Former Gov. John Kitzhaber says he is feeling somewhat “vindicated” by the recent settlement with California software giant Oracle over the $300 million Cover Oregon website fiasco.
As for the long-running joint FBI-IRS influence peddling probe of him and fiancee Cylvia Hayes?
“I have no idea,” he says. “It’s been 19 months and I haven’t heard a word. I’m getting on with my life.”
Kitzhaber last week shared some thoughts after making his third prominent public appearance since resigning as governor in February 2015, at a health care conference at the Portland Hilton downtown.
Kitzhaber’s words took on greater significance because they come at a time when state leaders’ best hope to salve the state’s bleak fiscal outlook rests once again on the vision he articulated as governor.
To close a billion-dollar gap in the state heath care budget, lawmakers next year must hope Kitzhaber’s prescription for health care reform again results in a large federal payment, as it did in 2012.
Kitzhaber’s speech came at an important time for him personally as well, serving as the latest installment in his long-term plan to re-enter public life and establish a new post-government career of consulting. In the nearly 400-member audience at the Sept. 28 “State of Reform” conference were plenty of potential customers, including executives of hospital systems and Medicaid care organizations.
He’s no longer in office, but “I would take exception with the statement that I’m out of it,” he said, referring to the dialogue on health care. He’s been “just doing a lot of thinking, speaking, doing a little consulting.”
Approached after his talk, Kitzhaber declined to revisit the circumstances that led to his downfall, including his complaints about the media coverage of how Hayes, while serving as his adviser, accepted more than $235,000 from groups seeking to influence Oregon policy.
But on health care, he was happy to speak, including the Cover Oregon legal aftermath. His contention: that Oracle settled the long-running legal war he started mainly because it knew it would lose. He said he felt somewhat vindicated at the settlement, noting that internal corporate documents unearthed by the state indicated that the company had done shoddy work — or, as Kitzhaber put it, employed “bad technology” on the project.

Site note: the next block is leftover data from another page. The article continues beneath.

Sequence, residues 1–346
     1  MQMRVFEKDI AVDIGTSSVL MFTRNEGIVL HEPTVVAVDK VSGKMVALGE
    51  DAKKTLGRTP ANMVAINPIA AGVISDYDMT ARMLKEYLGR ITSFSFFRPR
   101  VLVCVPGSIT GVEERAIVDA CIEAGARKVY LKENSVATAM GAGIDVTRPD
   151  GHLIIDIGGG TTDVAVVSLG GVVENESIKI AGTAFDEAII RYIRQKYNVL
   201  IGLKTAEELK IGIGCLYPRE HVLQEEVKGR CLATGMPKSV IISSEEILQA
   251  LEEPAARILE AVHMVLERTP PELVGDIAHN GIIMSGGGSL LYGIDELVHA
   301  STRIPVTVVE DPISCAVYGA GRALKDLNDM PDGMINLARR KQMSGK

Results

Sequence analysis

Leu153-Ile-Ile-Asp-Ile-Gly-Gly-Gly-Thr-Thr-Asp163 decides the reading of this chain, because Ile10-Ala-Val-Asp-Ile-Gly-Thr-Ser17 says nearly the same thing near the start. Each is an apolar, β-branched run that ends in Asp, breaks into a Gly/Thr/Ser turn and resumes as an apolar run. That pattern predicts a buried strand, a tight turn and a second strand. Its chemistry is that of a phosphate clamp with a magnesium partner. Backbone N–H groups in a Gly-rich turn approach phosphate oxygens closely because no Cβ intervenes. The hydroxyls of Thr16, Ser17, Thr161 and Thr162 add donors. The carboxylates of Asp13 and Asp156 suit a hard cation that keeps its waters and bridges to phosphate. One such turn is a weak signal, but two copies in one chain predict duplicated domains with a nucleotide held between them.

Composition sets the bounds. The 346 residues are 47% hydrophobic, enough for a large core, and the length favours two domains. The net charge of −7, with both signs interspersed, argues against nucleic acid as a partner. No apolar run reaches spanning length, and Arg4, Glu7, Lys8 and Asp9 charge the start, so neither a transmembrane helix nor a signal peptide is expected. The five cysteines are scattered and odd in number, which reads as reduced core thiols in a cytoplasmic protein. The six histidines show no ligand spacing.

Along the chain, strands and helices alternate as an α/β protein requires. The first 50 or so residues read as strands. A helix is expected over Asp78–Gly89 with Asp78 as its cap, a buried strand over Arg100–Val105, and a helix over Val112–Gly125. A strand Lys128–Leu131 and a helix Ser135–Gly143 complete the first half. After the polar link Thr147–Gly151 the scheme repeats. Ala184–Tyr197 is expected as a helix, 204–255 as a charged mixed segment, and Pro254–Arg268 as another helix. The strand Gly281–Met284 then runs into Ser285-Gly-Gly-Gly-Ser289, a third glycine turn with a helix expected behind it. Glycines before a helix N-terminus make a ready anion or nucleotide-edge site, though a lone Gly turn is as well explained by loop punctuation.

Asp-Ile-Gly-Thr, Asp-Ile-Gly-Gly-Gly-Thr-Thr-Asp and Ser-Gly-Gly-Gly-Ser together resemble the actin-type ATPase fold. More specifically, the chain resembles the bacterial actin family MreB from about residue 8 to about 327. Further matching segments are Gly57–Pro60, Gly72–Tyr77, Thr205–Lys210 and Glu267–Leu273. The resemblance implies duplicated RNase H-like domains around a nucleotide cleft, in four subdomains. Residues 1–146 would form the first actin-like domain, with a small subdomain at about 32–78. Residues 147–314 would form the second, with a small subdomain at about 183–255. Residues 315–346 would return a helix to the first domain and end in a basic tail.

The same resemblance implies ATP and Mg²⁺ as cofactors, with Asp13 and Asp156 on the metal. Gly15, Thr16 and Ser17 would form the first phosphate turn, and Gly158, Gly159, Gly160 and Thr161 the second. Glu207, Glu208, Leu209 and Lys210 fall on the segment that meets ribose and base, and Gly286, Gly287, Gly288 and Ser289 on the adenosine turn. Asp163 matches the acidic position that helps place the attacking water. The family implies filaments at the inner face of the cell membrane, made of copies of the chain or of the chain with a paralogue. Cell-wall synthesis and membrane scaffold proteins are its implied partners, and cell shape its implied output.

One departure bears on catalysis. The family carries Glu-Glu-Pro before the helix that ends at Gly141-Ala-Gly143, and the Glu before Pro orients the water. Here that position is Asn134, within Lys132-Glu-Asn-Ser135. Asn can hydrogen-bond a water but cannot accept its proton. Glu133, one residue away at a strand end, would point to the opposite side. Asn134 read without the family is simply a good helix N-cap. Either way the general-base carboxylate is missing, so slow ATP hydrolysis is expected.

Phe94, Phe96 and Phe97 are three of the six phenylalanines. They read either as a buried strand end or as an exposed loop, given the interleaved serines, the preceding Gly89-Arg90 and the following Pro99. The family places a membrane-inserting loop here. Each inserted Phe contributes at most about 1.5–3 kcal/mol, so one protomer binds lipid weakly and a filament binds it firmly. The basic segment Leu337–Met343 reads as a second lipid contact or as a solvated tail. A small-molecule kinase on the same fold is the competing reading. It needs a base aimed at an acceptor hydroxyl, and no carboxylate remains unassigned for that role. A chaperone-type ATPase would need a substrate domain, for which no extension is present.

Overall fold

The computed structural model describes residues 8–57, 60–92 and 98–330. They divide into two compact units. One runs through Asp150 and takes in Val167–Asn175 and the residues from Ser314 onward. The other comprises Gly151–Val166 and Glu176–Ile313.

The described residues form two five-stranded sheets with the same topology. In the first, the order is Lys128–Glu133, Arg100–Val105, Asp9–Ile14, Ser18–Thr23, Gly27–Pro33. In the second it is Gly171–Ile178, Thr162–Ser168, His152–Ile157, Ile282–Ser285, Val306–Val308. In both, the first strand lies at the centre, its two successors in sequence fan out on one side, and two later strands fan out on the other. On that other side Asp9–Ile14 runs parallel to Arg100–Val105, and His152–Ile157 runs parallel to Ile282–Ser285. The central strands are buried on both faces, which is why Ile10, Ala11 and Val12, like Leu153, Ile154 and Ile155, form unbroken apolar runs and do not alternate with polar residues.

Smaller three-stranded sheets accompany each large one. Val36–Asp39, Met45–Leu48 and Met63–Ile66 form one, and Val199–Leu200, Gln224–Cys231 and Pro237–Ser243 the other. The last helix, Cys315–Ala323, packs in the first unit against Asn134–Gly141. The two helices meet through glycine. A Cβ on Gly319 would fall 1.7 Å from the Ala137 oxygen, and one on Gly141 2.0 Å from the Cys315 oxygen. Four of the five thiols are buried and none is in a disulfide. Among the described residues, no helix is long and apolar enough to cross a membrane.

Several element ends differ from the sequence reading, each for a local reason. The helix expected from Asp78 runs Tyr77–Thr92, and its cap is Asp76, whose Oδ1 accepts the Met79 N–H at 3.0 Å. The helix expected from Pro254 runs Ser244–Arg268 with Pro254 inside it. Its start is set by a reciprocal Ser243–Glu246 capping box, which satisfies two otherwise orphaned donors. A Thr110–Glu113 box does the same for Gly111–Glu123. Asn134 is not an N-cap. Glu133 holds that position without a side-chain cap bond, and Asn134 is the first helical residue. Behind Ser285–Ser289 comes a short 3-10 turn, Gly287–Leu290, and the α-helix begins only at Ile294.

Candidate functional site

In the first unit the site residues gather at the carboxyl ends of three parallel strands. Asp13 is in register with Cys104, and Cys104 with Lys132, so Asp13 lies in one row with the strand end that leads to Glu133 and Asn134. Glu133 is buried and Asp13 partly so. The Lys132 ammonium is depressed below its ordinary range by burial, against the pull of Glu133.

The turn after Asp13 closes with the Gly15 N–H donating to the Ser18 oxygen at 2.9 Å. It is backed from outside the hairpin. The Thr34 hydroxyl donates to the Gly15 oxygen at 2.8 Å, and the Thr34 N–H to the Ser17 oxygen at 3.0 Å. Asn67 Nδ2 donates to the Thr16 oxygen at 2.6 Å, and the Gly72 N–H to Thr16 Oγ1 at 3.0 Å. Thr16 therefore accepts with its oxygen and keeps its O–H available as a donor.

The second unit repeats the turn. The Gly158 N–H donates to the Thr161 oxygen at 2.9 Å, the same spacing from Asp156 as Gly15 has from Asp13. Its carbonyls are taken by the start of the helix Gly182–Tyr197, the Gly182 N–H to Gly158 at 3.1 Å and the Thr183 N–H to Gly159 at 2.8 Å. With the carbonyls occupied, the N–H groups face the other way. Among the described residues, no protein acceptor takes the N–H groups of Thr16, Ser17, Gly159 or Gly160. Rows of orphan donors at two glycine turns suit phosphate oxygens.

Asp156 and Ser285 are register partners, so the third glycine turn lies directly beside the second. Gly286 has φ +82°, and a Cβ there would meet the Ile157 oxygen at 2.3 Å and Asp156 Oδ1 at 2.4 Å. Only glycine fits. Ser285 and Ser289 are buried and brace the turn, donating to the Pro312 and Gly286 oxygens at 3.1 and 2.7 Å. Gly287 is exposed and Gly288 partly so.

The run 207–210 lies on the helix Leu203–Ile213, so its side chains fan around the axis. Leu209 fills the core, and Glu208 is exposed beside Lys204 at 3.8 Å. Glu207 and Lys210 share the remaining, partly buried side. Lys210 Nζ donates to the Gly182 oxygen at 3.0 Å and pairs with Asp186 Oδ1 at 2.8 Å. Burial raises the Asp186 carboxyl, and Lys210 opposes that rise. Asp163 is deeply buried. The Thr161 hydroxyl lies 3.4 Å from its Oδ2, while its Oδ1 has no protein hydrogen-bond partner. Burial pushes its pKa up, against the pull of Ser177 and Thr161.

“From my standpoint, they were partially responsible for what happened, and at least the settlement suggests that they knew that they were culpable and they didn’t want to go to trial. ... I’m convinced they would have lost at trial.”
Perhaps more suprising was what Kitzhaber said in his speech about Oregon’s attempt to follow the path he charted and secure additional funds from the federal government to support the Oregon Health Plan.
Five years ago he secured a $1.9 billion payment from the federal government over five years to support Oregon’s reforms to the Oregon Health Plan, which in turn is funded by the federal low-income health program Medicaid.
The state is now seeking a slightly lesser amount, $1.25 billion.
But at least initially, Kitzhaber said, he expects the federal Centers for Medicare & Medicaid Services to pan Oregon’s high-stakes request.
“From my perspective, I don’t think CMS is going to give us that money just to maintain the status quo” as the state has requested, he said.
What’s necessary to improve Oregon’s chances, Kitzhaber said, are further changes to how the state’s hospitals and health care organizations operate.
Specifically, he called on his audience of health care officials to embrace more spending on social investments, such as housing, education and social services, and for the state to put that commitment in writing in its federal request.
“I think the likelihood of success goes up dramatically ... if we use that $1.25 billion to leverage a redeployment of resources (into) social investments,” he said.
Kitzhaber cited statistics showing that other countries spend more on social services and also enjoy better health outcomes for its population as a whole, reflecting the notion that socioeconomic status, not health care, plays a major role in an individual’s health.
The notion of remaking the Oregon Health Plan to include more spending on social services comes even as the state takes stock of its reforms, with even sympathetic lawmakers questioning whether the Medicaid “coordinated care” organizations Kitzhaber created enjoy too much latitude on spending, and too much secrecy.
When Kitzhaber resigned, some health care officials and lawmakers openly wondered what would come of his Oregon Health Plan changes.
But last week Kitzhaber said he’s not worried about his reforms. “There’s a lot of momentum out there, there’s a lot of people who are very committed to this within the (state’s coordinated care organizations). I think they can carry it.”